Gov. Mike Dunleavy figures it would be a $3.3 billion loss over two years for Alaska as a result of the federal government shutting down the cruise ship industry.

The Centers for Disease Control and Prevention has extended its conditional sail order through November as a result of the novel coronavirus, two months after what would be the 2021 cruise ship season.

That means two seasons of economic loss in Alaska, amounting to about $164 million in Southeast and $54 million in Ketchikan. Or $82 million region-wide and $27 million here annually.

Alaska state agencies experienced a $20 million decline in tourism-related revenue in 2020, the majority of which is as a result of no cruise ships. The agencies anticipate a $134 million decrease in 2021 compared to 2019.

The state’s unemployment insurance trust fund has paid $1 billion over the past 14 months, according to the Dunleavy administration. The fund had a balance of $492 million preceding the advent of COVID-19. It has decreased to $265 million.

State figures show 22,297 job losses since the pandemic began, which represents more than $305 million in lost wages.

Of the $3.3 billion total, the administration’s data attributes more than $2 billion to lost revenue for Alaska’s businesses.

These figures are catastrophic in a state and a region where tourism is either a significant or the area’s major industry.

The State of Florida filed a lawsuit against the federal government, arguing that the CDC shouldn’t be able to mothball a major industry. But, compared to Alaska, Florida has a well diversified economy.

By any measure, this is a disaster in Alaska.

Dunleavy sent a copy of a report on the State of Alaska’s Impacts to Alaska from 2020/2021 Cruise Ship Season Cancellation to the White House.

The report, which was written by the state Department of Revenue, the Department of Commerce, Community and Economic Development, and the Department of Labor and Workforce Development, illustrates the catastrophic effect on Alaska.

Specifically, it shows what the loss of 40 cruise ships embarking on 577 voyages with 1.36 million passengers each year has on Southeast and the state.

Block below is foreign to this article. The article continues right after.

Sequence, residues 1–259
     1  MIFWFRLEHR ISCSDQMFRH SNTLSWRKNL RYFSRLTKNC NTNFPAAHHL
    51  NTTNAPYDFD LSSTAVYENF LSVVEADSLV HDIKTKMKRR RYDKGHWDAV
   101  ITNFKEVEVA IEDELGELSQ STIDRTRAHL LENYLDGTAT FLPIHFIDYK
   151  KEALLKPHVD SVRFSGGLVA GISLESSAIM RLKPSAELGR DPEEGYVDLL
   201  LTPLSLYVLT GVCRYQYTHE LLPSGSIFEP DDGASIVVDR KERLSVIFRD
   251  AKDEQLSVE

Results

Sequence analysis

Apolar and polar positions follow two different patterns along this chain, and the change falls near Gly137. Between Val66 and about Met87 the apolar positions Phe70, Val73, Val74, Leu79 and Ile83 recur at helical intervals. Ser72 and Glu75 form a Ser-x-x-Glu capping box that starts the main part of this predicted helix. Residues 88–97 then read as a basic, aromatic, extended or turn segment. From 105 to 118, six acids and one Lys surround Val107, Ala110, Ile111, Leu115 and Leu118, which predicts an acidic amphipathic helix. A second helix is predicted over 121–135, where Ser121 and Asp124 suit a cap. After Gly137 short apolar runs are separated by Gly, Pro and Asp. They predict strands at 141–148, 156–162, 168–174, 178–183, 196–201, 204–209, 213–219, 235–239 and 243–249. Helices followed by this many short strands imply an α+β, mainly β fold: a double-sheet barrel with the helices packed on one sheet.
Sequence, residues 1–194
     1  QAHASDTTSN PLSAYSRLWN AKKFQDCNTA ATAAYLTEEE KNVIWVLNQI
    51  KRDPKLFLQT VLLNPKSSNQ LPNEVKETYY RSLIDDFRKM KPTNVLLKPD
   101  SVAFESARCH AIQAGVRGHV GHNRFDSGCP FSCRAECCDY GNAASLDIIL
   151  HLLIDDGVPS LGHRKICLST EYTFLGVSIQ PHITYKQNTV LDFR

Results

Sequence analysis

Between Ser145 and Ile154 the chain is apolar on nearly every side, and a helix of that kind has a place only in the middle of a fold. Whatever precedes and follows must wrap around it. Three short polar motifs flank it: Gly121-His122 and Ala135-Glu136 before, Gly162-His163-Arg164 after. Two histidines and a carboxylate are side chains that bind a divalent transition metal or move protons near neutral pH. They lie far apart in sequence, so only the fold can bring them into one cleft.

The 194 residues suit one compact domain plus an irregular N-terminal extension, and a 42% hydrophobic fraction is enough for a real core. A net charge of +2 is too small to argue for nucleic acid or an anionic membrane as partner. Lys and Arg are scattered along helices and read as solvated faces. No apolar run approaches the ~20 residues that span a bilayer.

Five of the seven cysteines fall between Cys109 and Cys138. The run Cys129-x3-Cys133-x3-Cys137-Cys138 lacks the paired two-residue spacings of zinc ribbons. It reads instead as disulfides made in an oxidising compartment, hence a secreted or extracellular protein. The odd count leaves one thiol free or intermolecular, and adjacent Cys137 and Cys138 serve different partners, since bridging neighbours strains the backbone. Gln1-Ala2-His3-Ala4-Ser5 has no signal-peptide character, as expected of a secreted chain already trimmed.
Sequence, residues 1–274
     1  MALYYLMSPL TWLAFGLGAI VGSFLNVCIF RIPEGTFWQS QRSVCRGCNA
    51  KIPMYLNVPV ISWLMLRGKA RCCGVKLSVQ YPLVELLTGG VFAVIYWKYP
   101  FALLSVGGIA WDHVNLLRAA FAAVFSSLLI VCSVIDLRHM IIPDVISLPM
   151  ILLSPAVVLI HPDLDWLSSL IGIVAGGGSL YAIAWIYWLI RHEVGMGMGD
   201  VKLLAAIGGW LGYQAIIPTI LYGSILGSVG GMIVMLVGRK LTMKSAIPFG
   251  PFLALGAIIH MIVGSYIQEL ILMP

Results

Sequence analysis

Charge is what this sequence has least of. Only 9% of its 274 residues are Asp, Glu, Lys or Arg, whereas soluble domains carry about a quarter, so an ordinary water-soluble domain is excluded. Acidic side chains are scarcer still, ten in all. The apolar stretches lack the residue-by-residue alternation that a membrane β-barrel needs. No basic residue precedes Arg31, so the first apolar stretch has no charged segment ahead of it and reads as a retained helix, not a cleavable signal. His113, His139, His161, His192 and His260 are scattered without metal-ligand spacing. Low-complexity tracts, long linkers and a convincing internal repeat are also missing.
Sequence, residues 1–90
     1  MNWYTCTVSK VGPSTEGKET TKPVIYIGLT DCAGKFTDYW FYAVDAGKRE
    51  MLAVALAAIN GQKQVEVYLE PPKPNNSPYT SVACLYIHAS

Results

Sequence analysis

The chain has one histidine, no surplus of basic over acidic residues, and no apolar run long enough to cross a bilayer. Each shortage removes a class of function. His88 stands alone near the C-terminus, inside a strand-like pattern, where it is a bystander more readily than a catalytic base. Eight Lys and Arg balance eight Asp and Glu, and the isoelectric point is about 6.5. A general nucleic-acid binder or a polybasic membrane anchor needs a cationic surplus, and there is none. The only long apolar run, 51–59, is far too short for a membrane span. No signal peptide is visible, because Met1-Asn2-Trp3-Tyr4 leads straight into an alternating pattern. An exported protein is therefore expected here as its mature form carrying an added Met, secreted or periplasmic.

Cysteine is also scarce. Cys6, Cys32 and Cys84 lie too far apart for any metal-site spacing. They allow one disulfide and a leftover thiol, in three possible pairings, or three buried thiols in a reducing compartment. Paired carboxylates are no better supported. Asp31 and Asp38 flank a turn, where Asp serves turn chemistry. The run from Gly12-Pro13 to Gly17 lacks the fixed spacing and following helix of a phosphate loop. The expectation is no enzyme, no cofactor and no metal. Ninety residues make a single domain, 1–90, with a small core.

The Cruise Lines International Association and cruise lines have been maneuvering to accommodate health and safety concerns in the case the CDC were to allow the cruise ships to sail in Alaska. Officials in their Florida headquarters believe a season can be handled despite the pandemic, especially given that proof of vaccination or COVID-19 tests could be required of potential passengers.

If the CDC relented, then the feds also could temporarily lift the Passenger Service Vessel A ct and allow the foreign-flagged ships to sail between two U.S. ports. Currently, such ships sailing out of an American port must tag a foreign one before sailing into another U.S. port.

The federal government has been helpful in regard to financially assisting individuals, families, businesses and local governments. But, for Alaska, and Southeast specifically, the fallout from the virus is as unique as Alaska.

Meanwhile, Dunleavy announced Friday intent to help rescue the 2021 season with a tourism aid initiative. The initiative includes directing federal COVID funds to “one of the largest tourism campaigns in state history;” providing grants to tourism-dependent businesses and creating traveler incentives; gathering feedback for the Legislature from the communities affected by the CDC extension; potentially pursuing litigation against the CDC; and urging Congress to exempt the cruise ships from the PVSA while the Canadian ports are closed to the cruise ships.

Nothing less should be done.